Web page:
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Monday, January 14, 2008

Aloha!

The U.S. Department of the Interior continues to investigate the travel by hundreds of Navajo representatives to Hawaii last October, with federal officials in California now involved in the review.

Meanwhile, other branches of the federal government itself have failed to comply with the Freedom of Information law after confirming they received requests for data they already might have regarding the number of people sent or the source of funds used for the trips.

The Daily Times reported in its Nov. 3 edition that 362 people with ties to the Navajo Nation each paid the $400 preregistration cost to attend the 2007 National Indian Education Association conference in Honolulu. Most are believed to have attended, with many more registering on site. The combined price tag for the trip is believed to be as much as $1 million, based on the costs for those known to have attended.

More here.


2 comments:

Anonymous said...

I don't understand what the big deal is. The U.S. took Hawaii as a state, where there are Indigenous people. Hawaii is now part of the United States because of the U.S. Government. The National Indian Education Association is an organization advocating education equality issues for all Native people of the United States; all States. That includes Hawaii. If the United States hadn't taken Hawaii as a state, then this wouldn't be a problem. This organization and the Navajo people, and many others travel far to achieve their goal; get the best education for their children all while retaining their language and culture. People from Hawaii have to travel to Montana, Arizona, Washington, DC and Utah to find out the best methods for their children. I don’t see a federal inquiry for them. The issue is that Hawaii is labeled as “paradise,” but who made Hawaii a state?... Not the Indians…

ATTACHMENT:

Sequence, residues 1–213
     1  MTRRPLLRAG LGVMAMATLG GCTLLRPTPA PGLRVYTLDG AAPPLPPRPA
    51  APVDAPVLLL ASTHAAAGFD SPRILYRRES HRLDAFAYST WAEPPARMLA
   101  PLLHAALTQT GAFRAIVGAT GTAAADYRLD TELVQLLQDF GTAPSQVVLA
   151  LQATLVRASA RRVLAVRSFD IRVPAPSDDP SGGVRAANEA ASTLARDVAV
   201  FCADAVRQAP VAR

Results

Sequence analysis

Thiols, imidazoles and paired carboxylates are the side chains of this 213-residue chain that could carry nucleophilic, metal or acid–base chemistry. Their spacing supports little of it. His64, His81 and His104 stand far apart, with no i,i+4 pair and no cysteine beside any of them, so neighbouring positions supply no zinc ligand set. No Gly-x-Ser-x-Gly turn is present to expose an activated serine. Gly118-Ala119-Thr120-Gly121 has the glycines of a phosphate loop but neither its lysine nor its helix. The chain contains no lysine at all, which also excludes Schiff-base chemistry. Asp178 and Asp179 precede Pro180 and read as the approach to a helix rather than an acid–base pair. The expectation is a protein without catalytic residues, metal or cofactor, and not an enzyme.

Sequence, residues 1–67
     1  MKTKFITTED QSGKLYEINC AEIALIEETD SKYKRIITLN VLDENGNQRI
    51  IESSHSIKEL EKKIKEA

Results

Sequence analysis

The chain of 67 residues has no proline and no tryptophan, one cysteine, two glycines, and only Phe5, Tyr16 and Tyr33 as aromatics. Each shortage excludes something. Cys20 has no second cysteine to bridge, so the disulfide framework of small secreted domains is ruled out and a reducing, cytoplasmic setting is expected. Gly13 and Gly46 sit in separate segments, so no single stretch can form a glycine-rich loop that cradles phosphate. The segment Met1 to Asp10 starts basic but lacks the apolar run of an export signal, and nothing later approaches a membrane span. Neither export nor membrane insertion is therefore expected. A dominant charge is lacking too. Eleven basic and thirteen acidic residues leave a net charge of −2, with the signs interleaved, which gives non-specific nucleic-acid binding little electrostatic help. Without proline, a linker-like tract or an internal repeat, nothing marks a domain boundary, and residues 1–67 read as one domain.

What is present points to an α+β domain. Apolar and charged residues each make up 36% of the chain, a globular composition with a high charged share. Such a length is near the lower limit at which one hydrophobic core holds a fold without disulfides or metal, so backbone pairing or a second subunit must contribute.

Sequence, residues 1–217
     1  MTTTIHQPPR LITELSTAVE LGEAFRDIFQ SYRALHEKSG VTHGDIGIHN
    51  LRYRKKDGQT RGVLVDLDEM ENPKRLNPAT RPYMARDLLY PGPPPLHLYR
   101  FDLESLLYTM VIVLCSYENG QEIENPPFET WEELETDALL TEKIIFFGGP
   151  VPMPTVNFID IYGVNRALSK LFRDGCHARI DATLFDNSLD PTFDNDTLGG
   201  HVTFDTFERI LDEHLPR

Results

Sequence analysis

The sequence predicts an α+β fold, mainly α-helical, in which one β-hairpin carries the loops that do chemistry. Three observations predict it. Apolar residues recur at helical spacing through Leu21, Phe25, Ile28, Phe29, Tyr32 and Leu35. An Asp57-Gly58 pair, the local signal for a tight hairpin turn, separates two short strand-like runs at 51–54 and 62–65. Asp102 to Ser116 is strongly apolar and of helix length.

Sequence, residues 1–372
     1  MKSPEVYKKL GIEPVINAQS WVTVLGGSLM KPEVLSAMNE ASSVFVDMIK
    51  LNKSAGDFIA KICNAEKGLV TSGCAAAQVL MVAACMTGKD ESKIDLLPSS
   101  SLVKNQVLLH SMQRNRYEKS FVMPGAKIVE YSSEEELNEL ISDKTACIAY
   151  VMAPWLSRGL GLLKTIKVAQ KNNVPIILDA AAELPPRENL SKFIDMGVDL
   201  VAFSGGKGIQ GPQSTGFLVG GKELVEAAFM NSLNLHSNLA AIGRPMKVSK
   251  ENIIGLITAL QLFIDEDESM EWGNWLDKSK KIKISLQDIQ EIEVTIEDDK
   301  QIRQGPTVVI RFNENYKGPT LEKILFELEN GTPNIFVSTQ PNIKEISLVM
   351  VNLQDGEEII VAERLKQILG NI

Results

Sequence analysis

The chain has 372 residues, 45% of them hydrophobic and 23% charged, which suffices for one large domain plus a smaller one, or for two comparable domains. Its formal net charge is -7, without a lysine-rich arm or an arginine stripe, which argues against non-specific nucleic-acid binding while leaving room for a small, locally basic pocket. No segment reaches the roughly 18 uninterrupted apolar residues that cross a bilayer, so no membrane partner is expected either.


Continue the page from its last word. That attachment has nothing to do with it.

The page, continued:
Charles Davis said...

All true, but whether it's Hawaii or Vegas, 300-odd attendees at taxpayer expense? Sure deserves scrutiny, I'd argue...